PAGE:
YUM! What a great idea! Those look delicious!


Great photos and the straws look tasty! We'll have to try them soon. Thanks!


Heidi, I'm giving these a try,as soon as I can make it to the store tomorrow for the buckwheat flour! I have Celiac and would love some new recipes for breads, crackers, pizza dough, low calorie cookies, anything you can help with. It is a challenge to come up with satisfying and tasty new foods to substitute for traditional wheat laden foods. My darling daughter turned me on to your site. I LOVE your recipes and I have incorporated many into my repertoire. Whenever I try something new from you, my husband, a true carnivore, is very pleased! Thank you so much for all the inspiration!

Linda Androws

These look perfect for Halloween. I make a cheese spread that includes gorgonzola in the recipe that turns it slightly greyish then form it into a flying ghost shape. The "sticks" would go perfectly with it.


These look gorgeous. What a wonderful centerpiece idea...so colourful and they would look great on our Canadian Fall dinner table. I think the cracker idea is a wonderful one... especially for young kids to make.

Mixing Bowl Mama

I bet if I made these in my home, they'd definitely be gone in a flash. I'd have to make more than the four dozen with how fast these might disappear. I'll give it a try. I may even try some other herbs in addition to thyme- just to experiment a bit.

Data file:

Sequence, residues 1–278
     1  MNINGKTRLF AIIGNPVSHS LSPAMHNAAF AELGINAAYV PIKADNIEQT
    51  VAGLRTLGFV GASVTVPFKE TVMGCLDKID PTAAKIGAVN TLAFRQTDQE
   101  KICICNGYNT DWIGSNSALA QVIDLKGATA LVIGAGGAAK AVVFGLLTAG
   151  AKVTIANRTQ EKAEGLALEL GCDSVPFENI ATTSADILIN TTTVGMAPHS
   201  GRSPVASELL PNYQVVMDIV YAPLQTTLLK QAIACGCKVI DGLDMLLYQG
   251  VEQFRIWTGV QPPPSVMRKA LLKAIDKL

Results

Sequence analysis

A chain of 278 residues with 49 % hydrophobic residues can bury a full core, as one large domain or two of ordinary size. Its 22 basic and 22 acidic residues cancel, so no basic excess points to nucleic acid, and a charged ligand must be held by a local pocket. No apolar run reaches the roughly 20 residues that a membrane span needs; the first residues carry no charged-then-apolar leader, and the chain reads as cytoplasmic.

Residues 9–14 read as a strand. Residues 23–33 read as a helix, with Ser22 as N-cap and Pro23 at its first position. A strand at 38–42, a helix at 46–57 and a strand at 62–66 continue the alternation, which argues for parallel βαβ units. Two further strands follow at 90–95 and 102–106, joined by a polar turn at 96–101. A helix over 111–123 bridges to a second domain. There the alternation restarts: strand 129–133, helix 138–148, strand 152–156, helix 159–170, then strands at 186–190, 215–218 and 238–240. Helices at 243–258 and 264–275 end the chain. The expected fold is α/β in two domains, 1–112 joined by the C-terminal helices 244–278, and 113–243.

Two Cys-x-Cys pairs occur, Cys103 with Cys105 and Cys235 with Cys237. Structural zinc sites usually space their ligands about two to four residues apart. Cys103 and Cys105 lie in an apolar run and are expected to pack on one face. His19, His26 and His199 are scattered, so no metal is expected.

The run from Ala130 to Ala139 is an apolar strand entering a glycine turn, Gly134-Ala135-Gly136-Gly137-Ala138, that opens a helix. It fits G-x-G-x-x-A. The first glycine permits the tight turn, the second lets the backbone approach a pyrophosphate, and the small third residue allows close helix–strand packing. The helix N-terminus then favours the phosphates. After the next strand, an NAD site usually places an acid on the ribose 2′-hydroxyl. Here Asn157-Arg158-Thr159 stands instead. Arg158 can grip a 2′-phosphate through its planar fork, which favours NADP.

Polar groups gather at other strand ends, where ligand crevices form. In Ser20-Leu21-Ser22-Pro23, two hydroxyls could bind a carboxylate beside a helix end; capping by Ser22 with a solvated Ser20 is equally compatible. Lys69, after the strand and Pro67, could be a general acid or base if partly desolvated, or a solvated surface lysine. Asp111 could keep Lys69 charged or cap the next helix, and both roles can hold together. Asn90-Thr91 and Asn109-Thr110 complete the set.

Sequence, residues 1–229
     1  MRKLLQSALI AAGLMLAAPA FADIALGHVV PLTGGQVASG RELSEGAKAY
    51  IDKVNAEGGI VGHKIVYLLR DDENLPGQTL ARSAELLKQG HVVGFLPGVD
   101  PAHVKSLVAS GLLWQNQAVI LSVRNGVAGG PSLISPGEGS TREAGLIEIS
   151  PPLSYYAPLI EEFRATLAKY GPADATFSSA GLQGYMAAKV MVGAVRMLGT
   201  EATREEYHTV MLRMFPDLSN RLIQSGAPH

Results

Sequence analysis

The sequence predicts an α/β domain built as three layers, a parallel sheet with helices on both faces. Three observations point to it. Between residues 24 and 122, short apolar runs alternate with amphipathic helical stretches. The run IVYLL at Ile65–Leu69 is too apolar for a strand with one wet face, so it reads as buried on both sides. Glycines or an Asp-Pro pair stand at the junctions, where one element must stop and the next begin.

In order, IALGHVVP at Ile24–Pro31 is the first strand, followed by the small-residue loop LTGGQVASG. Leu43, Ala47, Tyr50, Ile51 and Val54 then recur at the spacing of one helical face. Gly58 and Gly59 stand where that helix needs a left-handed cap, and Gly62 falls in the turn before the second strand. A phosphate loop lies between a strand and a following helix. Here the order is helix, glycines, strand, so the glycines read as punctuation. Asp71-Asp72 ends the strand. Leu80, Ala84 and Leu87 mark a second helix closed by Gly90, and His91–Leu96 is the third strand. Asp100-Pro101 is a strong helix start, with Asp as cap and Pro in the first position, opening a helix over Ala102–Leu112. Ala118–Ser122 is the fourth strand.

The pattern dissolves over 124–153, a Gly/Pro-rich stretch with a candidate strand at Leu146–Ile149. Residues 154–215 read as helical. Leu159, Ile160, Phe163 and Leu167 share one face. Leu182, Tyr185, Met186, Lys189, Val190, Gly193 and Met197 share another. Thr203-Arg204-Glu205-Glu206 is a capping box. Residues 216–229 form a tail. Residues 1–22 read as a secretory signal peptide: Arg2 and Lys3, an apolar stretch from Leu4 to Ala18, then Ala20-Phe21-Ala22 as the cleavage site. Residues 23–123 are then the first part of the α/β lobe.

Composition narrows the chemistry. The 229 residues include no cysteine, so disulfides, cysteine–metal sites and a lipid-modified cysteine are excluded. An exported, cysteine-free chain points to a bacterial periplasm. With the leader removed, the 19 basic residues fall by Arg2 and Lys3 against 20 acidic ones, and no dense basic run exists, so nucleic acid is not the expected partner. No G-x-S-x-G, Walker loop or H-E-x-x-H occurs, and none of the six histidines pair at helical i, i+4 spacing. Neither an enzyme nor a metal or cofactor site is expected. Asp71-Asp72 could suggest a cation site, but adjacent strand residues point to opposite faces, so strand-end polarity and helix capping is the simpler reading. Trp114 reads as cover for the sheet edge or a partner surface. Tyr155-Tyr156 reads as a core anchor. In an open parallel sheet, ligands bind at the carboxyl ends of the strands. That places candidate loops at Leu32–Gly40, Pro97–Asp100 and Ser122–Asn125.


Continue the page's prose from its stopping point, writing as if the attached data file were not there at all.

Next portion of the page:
Kamran Siddiqi

Buckwheat is part of my Russian Jewish heritage, as is kasha. I like trying out different grains. Yesterday I made a summer salad with quinoa instead of couscous. Today will be the day to try it out. I used almond butter instead of tahini.


so cute! I'm on a bit of a buckwheat kick at the moment so these are a must try!


These look like fun to make! And they're definitely centerpiece or garnish-worthy. Can't wait to try these!

Kimberly @ Poor Girl Eats Well

Rustic, moreish and so full of character. Just gorgeous Heidi. I love the use of buckwheat. Hv used this grain in your lasagna tart, in the cacoa nib cookies and cheese cookies too. fabulous! Can't wait to make these knobbly twigs!


Those are absolutely gorgeous! Also, this gives me another reason (excuse) to go get some buckwheat flour. I've never used it before, but I'm always wanting to try out new (healthy, bonus!) things in the kitchen.